Gary McNeill



Gary McNeill

"The R&A approached me before Christmas and asked me if I would do it and I jumped at the opportunity but as the week wore on, I wasn't sure if I had made the right decision"

Gary McNeill

While this year [2020] may have been cancelled due to COVID-19, having The Open back at Royal Portrush last year was an amazing experience for the local golf community. For Portrush’s long time head professional Gary McNeill, it was even more so.

Obviously, the club professional is heavily involved in many aspects in the lead up to the event, but what’s not quite as well known is that, should there be an odd number of qualifiers for the weekend, it’s the host club professional that gets the call up for a chance to play as a marker during the event.

Gary McNeill

Who is Gary McNeill?

During tournament week, it’s not unusual for the club professional at The Open to find competitors knocking on their door looking for some tips on how to play the course. The fact that Royal Portrush was an unknown quantity to many of the players made Gary’s insights all the more important.

Yet, whatever about imparting knowledge, the real question was; could he put all the knowledge built up over 20 years to good use when he got the call-up to play on Friday evening as a marker?

“Typically, it falls on the club professional to fill in when an odd number of players make the cut” said the 49-year-old. “The club pro can either do it himself or provide a playing marker. Ahead of The Open, I discussed things with the pro’s at the other Open venues. Those guys that played said it was an incredible experience.

“When I got the call on Friday evening from Clare at the R&A, she said ‘look, we are sitting on an odd number here. It looks like we will need you to play, are you still happy to do it?’. “She did give me the option to bail out at the eleventh hour.” In his defense, it was reasonable to have doubts.

Gary’s last competitive round before Saturday morning, July 20th at Portrush had been at The Open qualifier in Baltray on June 24th. In a field of 115, he finished tied for 88th, posting a six-over-par 78. Maybe not ideal for confidence-building but a rare chance to play competitively.

Unfortunately, it didn’t stop him struggling to get the club back when his name was called out on the first tee as friends and family in the grandstand roared their support. “It was terrifying to be honest,” Gary confessed, who was paired with Englishman Paul Waring. “It was a 9.30am start on Saturday and there was a heck of a lot of people already in place. “I hit the ball quite well when I went down for my warm-up. I felt OK on the first tee. As soon as I took the club back, it felt foreign.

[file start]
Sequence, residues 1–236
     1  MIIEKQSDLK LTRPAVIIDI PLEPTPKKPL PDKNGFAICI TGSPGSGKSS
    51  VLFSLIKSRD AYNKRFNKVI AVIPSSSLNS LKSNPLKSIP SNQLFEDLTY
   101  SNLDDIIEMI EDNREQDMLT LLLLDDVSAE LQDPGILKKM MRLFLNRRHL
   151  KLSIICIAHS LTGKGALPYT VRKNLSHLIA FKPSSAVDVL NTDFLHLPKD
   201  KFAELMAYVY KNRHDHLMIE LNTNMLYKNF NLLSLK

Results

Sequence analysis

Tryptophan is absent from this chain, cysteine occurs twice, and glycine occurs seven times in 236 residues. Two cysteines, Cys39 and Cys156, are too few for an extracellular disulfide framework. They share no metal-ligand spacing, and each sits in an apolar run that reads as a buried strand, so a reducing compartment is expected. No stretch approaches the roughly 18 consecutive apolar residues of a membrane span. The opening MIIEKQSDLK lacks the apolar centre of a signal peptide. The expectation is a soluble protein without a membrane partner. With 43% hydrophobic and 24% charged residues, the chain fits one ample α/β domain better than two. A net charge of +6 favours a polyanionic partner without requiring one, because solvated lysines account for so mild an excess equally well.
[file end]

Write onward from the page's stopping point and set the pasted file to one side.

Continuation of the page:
It went low for a bit and left off the heel but after that, I drove the ball really well. I didn’t miss many fairways. “It was just great fun. There are so many people, so many of the members are out there, friends and people that we know. So, it was great. The reception was unbelievable. The players must have had a ball out there.”

After 68 years, the emotion of that week may never be replicated. And it was imply the luck of the draw that Gary was able to play amongst it. “To see it all come together and be part of it as well and be part of the Championship Committee here as well, it’s been truly amazing. “You spend three or four years of your life with The Open Championship sort of looming and you spend all this time preparing and getting ready. This Open was special. There’s been many like it but Portrush was a week like no other.” McNeill is right; and The Open will be back.

Paul Waring (Left) accompanies Gary McNeill during The Open

"The golf course impressed the players and everyone that was here. There was a real feel-good factor about this event. I'm sure the R&A will be looking to bring it back here before too long"

Gary McNeill

Article written by Paul Kelly – Irish Golfer

Related news